Animal models have also provided support for the hypothesis that food allergen sensitization initially occurs through the skin (Fig. 1a). In mice, skin damage induces the epidermal production of retinoic acid early transcript 1 (RAE1; also known as mRNA export factor), a self stress-induced ligand that binds to the receptor NKG2D, which is expressed by various lymphoid and myeloid cell types19. Inducing Rae1 expression in keratinocytes promotes γδ T cell-dependent antigen-specific TH2 cell responses to ovalbumin (OVA) placed on the skin19. The application of OVA or peanut antigen to the damaged skin of mice and subsequent oral challenge with OVA or peanut antigen induced IgE-dependent allergic symptoms including face scratching, an increase in mast cell numbers and TH2-type cytokine production in the jejunum, and anaphylaxis20,21,22. Cutaneous exposure to antigen was associated with an expansion of TSLP-elicited basophils in the skin, and both TSLP and basophils were required for subsequent antigen-specific TH2 cell responses, antigen-specific IgE production, intestinal mast cell accumulation, and anaphylaxis after oral antigen challenge20,21.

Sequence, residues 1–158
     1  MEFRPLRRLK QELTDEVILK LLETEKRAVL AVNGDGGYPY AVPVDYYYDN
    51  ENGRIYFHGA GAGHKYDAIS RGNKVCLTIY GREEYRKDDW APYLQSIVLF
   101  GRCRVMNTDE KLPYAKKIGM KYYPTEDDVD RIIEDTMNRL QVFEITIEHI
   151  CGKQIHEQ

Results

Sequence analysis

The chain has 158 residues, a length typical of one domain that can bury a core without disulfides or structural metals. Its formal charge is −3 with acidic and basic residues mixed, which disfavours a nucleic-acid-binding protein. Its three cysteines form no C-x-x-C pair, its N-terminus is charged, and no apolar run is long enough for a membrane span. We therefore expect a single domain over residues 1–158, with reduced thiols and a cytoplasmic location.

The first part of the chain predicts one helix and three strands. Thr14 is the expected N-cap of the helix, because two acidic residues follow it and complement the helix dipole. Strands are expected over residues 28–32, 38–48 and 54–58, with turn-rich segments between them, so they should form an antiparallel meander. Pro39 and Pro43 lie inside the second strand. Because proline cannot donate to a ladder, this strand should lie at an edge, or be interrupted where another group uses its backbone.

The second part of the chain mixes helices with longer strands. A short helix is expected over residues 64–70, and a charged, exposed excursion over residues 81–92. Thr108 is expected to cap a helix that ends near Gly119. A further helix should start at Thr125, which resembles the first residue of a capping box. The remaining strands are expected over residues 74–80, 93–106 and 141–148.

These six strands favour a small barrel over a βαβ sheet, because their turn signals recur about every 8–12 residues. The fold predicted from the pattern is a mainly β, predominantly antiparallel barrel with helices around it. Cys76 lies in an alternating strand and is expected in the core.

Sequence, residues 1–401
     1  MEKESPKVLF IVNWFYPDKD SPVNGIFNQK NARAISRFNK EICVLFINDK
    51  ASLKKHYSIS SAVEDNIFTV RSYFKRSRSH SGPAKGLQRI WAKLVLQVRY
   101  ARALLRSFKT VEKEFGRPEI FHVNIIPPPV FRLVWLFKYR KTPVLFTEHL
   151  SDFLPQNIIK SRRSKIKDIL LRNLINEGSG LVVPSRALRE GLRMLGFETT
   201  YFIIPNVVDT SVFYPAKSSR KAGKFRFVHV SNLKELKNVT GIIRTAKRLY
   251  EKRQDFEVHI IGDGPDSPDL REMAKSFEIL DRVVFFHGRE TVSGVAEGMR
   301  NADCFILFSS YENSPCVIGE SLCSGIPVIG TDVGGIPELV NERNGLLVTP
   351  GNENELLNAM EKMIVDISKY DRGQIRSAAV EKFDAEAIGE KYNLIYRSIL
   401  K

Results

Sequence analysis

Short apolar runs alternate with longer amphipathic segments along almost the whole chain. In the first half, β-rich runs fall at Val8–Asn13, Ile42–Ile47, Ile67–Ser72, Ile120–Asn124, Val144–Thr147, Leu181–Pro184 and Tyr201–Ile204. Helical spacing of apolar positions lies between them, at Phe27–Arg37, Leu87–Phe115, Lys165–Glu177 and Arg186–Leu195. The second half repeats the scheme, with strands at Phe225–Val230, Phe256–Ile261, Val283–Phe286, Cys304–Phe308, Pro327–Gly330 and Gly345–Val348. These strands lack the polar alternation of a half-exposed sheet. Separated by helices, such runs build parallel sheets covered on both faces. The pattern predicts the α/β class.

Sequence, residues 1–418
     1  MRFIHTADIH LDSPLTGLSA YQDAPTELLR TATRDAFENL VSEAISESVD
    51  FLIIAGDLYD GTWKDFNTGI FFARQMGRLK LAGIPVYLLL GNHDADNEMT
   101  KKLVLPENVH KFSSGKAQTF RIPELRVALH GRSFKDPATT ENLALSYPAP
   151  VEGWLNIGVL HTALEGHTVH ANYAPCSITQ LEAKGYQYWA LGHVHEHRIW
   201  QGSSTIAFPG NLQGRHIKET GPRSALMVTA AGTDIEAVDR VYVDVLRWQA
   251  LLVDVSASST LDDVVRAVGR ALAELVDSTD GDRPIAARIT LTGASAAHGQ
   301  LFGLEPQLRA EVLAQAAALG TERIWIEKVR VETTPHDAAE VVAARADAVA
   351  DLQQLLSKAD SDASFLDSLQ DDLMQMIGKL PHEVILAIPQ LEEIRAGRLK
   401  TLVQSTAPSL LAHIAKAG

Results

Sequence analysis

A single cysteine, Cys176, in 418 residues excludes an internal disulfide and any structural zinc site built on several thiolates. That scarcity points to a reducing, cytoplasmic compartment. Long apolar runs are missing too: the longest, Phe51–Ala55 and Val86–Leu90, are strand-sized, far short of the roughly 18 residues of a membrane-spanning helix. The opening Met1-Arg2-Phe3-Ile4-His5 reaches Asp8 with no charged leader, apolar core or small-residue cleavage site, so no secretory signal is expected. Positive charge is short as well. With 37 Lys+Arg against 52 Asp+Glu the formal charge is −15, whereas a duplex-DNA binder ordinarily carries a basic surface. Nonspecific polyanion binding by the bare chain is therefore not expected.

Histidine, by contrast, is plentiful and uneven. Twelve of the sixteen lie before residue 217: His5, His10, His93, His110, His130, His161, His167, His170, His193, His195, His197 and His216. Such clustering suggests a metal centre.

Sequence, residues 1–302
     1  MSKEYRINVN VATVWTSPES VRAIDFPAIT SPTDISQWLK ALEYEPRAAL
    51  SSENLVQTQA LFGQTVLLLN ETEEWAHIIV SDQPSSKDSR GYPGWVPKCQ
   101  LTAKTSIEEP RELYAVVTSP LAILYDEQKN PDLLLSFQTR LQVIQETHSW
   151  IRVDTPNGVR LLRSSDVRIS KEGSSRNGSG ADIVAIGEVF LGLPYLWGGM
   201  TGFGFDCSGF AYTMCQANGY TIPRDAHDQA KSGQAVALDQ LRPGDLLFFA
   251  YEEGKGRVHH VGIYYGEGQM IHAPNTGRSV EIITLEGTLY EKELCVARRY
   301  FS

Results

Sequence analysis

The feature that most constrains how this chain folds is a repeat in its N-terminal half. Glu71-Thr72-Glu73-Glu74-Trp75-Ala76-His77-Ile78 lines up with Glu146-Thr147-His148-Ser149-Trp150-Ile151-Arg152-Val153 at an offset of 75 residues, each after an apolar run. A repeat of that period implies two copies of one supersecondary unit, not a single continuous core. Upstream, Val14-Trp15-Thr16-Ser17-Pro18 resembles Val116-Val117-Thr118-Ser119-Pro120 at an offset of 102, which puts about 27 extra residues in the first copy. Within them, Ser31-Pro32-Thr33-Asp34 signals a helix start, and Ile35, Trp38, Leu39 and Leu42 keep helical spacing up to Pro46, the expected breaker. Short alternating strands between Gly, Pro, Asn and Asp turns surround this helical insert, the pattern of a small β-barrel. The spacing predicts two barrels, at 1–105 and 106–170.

Early antigen exposure through the mucosal route, in contrast to the cutaneous route, can predispose towards tolerogenic responses. Inhaled antigens rapidly reach the intestine23, as of course do orally ingested antigens, and the intestine-draining lymph nodes are a preferential site for antigen-specific Treg cell generation24. CD103+ DCs in the intestinal lamina propria and mesenteric lymph nodes (MLNs) have a unique capacity to metabolize dietary vitamin A into retinoic acid as they express retinal dehydrogenase 2 (RALDH2), and the production of retinoic acid promotes FOXP3+CD4+ Treg cell generation25 (Fig. 1b). In contrast to mice in which the first exposure to OVA was epicutaneous, mice in which initial OVA exposure was oral showed tolerance to subsequent oral challenge with OVA, and did not generate OVA-specific IgE responses or display symptoms of anaphylaxis21. Similarly, the inhalation of OVA by 1-week-old mice was able to block the generation of OVA-specific IgE, prevent the accumulation of granulocytes in the bronchoalveolar lavage fluid (BALF) and reduce BALF IL-13 levels after sensitization and challenge with OVA as adults26. Splenocytes from adult mice that have been exposed to OVA intranasally as neonates produce less IL-13 after OVA stimulation than do mice that have not been neonatally exposed to OVA, and instead they produce more interferon-γ (IFNγ)26. Oral exposure to antigen in neonates via breast milk can promote tolerogenic responses to the same antigen that extend into adulthood, and this is dependent on exposure to transforming growth factor-β (TGFβ) in breast milk27.